The celebration tonight was for Lindsay, the Dhabbebis' previous American homestay visitor. A native Montanan, she spent the last five months in Tunisia studying Arabic, and went to Palestine and Israel for three weeks in between. She's a wonderful character, and fits the "enchanted American" bill; she dresses in Palestinian and Tunisian dresses and is animatedly French (Tunisians have an air of French about them; they were a colony of France until 1954). I can't help but think of her standing next to Lawrence of Arabia in his white sheikh ensemble.

It is absolutely breathtaking, to be a stranger in a strange land, and watch as one of your kind says their goodbyes to people you barely know. Yet its wonderfully comforting, to know that you'll be getting the same goodbye. That is, comforting to know that you'll be missed; not comforting to know that soon I'll be in Lindsay's position; an enchanted American with two months of his life spent as a Tunisian; an Arab; a North African.

It is essential that people live this way; that people understand that life is best seen through more than one pair of eyes. Like soil, our minds can absorb so much; if we absorb the same thing over and over without something new and challenging, we will dry up. But if we rotate our minds and change our perspectives every once and a while, our harvest will be all the more bountiful.


Below (from top to bottom): The golden doors of Habib Bourghiba's tomb (first President of Tunisia); me on top of an old watch tower overlooking the bay of Monastir; me climbing (that's right; they let you climb on the ruins!) of the Roman Coliseum at El Jem; a Tunisian boy manning a boat in Mahdi; an alleyway in the medina at Sousse.

Sunday, June 14, 2009

The Tunisian Sahel

This weekend our program took us on a trip to the Sahel, the coastal plains of Tunisia that faces the Mediterranean. The trip included places such as the Roman Coliseum at El Jem (featured in the movie Gladiator, first two photos) and the coastal town Mahdia, where we found Tunisian kids jumping off old ruins (third photo). On the way there we passed by the agricultural belt, where we saw vineyards and olive orchards (final photo).

More to come; on our way back to Tunis this afternoon we'll stop in another town, Sousse, and hopefully tonight I'll have time to add some more photos.

Tuesday, June 9, 2009

The America I Want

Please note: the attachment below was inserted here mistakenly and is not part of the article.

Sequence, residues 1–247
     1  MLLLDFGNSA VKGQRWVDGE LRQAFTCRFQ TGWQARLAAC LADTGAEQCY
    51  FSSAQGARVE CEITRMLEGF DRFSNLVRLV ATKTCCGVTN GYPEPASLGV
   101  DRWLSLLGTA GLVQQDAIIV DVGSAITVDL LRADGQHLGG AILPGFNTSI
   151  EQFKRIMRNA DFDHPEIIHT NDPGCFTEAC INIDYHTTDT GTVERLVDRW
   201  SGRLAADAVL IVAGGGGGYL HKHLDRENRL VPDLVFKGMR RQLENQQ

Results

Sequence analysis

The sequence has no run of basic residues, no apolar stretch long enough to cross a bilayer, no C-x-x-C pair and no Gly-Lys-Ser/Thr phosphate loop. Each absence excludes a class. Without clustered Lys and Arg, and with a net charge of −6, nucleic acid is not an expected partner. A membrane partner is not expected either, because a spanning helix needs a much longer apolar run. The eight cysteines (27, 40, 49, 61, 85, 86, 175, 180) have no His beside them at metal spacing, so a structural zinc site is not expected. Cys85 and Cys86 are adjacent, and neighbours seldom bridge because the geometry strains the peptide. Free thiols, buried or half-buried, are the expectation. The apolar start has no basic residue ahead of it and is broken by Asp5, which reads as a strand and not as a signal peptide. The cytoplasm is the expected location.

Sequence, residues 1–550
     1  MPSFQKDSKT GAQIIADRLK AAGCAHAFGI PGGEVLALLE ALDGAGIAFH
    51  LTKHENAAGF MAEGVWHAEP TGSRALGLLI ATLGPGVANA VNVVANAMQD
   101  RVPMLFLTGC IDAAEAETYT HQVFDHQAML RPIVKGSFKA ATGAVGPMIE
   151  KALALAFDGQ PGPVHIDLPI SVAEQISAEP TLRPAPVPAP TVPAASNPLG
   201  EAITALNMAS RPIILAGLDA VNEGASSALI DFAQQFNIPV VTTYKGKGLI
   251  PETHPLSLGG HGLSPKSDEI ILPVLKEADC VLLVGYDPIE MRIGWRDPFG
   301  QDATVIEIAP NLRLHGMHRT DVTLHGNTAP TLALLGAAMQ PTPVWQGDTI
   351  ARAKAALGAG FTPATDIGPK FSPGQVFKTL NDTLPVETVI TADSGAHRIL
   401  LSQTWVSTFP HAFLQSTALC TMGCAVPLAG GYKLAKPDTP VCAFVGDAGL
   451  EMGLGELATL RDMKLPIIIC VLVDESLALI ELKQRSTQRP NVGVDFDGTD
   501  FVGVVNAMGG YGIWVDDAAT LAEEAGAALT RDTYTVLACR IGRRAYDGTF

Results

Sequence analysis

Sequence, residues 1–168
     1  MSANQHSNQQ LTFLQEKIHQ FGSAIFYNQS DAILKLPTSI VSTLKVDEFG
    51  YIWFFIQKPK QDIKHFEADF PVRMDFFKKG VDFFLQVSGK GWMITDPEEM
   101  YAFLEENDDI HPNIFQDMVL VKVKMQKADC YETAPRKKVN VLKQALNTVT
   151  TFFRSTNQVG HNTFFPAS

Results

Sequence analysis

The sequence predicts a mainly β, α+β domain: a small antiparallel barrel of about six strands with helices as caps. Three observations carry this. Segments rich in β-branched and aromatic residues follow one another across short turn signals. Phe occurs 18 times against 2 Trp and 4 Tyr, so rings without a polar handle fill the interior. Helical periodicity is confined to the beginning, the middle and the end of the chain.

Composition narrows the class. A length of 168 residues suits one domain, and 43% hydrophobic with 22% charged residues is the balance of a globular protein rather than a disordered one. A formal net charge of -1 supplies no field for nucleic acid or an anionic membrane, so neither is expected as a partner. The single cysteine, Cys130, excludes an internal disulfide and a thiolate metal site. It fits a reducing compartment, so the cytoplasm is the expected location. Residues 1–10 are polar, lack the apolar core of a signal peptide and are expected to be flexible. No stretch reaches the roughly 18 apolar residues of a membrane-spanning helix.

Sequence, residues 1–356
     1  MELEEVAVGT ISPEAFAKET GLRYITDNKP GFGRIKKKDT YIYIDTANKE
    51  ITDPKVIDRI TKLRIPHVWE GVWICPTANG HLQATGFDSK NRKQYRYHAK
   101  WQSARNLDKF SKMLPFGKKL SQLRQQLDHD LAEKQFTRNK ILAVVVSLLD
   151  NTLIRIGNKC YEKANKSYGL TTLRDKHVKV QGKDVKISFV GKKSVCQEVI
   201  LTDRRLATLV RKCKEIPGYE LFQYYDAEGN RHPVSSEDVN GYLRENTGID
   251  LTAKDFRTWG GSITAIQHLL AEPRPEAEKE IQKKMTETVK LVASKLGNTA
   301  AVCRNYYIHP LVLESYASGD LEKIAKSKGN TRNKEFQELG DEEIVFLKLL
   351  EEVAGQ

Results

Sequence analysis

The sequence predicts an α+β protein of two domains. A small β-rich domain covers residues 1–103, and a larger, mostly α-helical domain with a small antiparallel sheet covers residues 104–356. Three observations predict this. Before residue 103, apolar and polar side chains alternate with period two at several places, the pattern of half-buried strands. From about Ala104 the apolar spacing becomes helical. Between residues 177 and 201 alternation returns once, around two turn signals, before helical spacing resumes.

Last week I had the unique opportunity to attend a special reception at the US Ambassador to Tunisia's home in Sidi Bou Said on the day of President Obama's speech in Cairo, Egypt. Attending the ceremony was the executive staff of the US Embassy, Department of State interns, Tunisian Fulbright Language Tutors, and myself and my CLS program--all people deeply invested on the subjects the President remarked on. In the conversations I had with these people, I arrived at an insight on the future of America--a future that I and the other young adults at the reception would soon oversee.

We are entering the Post-American World: a term coined by journalist Fareed Zakaria to explain the new era in which the US is no longer a hyperpower head-over-heels over everyone else. India, China, Brazil, and other rapidly developing nations will soon reach a level of close to even competition with our economy. While this may seem intimidating to Americans who have lived through close to 30 years on top of the world, it is in fact an opportunity. But it is an opportunity we must soon seize, for there is a time limit that, if passed, the Post-American World will not include the America that we truly desire.

What is that America? I hope I am not alone in thinking that in recent decades America has undergone an identity crisis. We no longer know who we are, and what we stand for as a nation. Once, we had the prestige of the world for three central aspects of our identity: First, for our freedoms of thought and tolerance of beliefs; second, for the tools we give to our citizens--all of us an immigrant--to climb the ladder of potential to our highest peaks; and finally, the strength and willful resolve to stand, as George Washington advised us to do, as a neutral nation that did only what it had to do, not what it should do.

These three aspects of our identity have faded into the fabric that once was America. Now we are a nation that values the will--or tyranny, as Jefferson once said--of the majority over individual freedoms such as marriage or wearing religious clothing like hijab. Now we are a nation that tries to deny its immigrant heritage by making immigration inhumane, near impossible, and most terribly, without regard to basic human dignity--a condition that made the British colonists immigrate to America over three hundred years ago. Now we are a nation that intervenes in the affairs of other countries as if we had total and complete jurisdiction--all in the name of doing "what we should be doing" like "spreading/keeping democracy safe" or other subjective banners that, as we see in the disastrous ideological wars of Vietnam and Iraq, end up making us look arrogant in the eyes of the world.